H.264 Video Is Dominant for HTML5, Says MeFeedia
Over two-thirds of HTML5 video uses the H.264 codec, notes MeFeedia in a trend analysis.
How prevalent is H.264 video online? According to a blog post from video search and index site MeFeedia H.264 video is the dominant codec for HTML5 video and is still growing.
H.264 video actually became dominant in HTML5 video in October, 2010, when it was used in 54 percent of HTML5 videos. That rose to 63 percent in February, 2011, and 69 percent in June, 2011. MeFeedia notes that its growth as a percentage has slowed, but adoption is increasing.
Part of the reason for H.264's rise, the post says, is browser upgrading, with new releases able to support HTML5 video. HTML5 competitor WebM is trailing far behind, with less than two percent in MeFeedia's video index. The blog speculates that the number could rise, as YouTube recently announced it would transcode all its videos into WebM.
The post notes that Ogg Theora use is also growing, but doesn't give numbers.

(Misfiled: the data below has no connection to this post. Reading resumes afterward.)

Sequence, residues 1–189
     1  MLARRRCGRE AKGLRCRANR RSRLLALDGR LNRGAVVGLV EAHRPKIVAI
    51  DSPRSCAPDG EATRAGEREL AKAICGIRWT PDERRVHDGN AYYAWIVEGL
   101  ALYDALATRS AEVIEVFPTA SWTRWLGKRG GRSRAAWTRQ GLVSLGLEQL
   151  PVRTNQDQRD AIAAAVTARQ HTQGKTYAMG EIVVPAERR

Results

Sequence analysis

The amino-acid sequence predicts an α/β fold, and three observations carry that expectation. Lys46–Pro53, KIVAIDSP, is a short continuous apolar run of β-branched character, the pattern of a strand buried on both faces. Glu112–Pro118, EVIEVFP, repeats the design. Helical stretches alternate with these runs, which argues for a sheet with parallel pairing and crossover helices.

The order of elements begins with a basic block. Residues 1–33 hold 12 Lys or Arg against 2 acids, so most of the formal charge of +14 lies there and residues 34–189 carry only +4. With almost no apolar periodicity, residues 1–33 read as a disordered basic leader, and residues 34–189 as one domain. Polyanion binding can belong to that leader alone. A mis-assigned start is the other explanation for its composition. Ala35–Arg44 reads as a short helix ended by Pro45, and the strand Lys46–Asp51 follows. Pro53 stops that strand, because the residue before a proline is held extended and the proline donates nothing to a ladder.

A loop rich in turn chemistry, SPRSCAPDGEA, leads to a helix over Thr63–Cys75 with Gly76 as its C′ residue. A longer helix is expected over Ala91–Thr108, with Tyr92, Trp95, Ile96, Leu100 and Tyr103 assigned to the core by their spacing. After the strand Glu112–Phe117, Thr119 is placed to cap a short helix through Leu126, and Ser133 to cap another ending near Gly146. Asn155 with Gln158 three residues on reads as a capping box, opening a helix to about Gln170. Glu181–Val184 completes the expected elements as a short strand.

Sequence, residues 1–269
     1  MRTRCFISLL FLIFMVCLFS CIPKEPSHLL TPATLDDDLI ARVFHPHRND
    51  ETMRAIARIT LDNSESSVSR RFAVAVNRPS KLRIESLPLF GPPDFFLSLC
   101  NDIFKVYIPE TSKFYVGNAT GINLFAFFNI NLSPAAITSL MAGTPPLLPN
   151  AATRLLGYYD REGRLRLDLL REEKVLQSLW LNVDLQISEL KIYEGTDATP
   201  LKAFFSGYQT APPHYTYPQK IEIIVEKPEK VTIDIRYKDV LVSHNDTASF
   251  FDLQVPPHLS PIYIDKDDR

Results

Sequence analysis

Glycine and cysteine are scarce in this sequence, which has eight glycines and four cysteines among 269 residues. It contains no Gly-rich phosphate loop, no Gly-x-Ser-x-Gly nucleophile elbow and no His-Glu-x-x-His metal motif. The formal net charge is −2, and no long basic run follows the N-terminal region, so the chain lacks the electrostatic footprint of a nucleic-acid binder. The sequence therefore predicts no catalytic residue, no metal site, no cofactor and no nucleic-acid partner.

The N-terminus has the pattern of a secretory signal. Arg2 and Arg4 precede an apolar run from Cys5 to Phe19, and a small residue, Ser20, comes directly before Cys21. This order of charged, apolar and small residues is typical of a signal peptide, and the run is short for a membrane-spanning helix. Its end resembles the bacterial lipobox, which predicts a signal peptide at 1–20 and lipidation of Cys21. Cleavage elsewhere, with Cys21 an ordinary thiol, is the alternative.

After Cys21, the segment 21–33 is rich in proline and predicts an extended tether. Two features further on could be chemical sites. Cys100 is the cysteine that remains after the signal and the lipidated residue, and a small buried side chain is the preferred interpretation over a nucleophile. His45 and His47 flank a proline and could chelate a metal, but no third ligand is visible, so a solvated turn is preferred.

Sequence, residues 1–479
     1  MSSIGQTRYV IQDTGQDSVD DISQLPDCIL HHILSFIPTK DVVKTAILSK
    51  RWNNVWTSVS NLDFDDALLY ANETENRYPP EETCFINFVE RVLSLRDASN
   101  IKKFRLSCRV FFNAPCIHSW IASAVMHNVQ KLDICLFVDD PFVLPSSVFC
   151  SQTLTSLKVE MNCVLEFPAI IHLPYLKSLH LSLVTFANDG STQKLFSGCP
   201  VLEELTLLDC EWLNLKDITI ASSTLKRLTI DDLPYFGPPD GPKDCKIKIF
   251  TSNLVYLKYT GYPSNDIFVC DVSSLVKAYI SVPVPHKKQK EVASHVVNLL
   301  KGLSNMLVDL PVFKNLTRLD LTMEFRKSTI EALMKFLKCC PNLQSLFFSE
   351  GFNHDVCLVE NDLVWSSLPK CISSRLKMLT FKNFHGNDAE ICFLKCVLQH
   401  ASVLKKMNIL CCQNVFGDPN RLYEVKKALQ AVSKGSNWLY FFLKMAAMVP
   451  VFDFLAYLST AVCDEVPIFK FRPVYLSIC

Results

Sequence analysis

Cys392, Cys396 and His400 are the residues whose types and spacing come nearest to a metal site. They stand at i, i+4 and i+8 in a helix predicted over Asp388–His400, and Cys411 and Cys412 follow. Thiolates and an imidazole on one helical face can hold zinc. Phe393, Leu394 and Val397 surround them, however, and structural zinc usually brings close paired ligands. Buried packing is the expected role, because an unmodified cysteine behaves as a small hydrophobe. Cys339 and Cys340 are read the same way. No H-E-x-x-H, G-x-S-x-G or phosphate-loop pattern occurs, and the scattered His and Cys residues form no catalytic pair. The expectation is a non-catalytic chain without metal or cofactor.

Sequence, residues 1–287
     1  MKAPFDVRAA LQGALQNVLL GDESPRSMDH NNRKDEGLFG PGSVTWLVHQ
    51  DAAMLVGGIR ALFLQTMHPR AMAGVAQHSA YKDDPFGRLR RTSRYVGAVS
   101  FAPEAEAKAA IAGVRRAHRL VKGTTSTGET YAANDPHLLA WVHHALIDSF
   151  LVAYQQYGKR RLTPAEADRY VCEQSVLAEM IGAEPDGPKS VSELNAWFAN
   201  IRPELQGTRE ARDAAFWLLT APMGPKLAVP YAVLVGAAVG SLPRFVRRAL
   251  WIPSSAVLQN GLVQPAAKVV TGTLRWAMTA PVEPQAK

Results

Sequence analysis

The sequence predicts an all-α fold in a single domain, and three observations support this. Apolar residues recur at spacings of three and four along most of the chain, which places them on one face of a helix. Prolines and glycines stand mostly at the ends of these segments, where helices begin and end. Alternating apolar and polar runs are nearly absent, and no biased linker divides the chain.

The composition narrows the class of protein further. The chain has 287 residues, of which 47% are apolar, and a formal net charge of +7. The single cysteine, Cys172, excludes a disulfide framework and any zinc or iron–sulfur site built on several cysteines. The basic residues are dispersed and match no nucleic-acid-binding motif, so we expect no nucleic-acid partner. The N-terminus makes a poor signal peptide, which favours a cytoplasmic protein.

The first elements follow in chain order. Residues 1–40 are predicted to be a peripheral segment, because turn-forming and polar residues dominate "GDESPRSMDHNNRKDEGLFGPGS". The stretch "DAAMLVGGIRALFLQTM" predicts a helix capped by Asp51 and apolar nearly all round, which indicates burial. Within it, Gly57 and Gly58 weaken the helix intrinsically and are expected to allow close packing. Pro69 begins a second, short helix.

MeFeedia has also been tracking mobile use, and notes that viewers using the Apple iPad are more engaged, watching 40 percent more videos per visit than people using Android devices, iPhones, or even desktop computers.
Live video is also trending upward, MeFeedia says, with Apple's FaceTime, Facebook Video Chat, Ustream, and Justin TV pushing the trend.
Tool offers a real-time view of HTML5 engagement across a range of devices.
While the playing field might seem complex, using a common codec actually makes desktop and mobile encoding simpler.
Rivals WebM and Ogg Theora show little change, as H.264 increases its HTML5 advantage.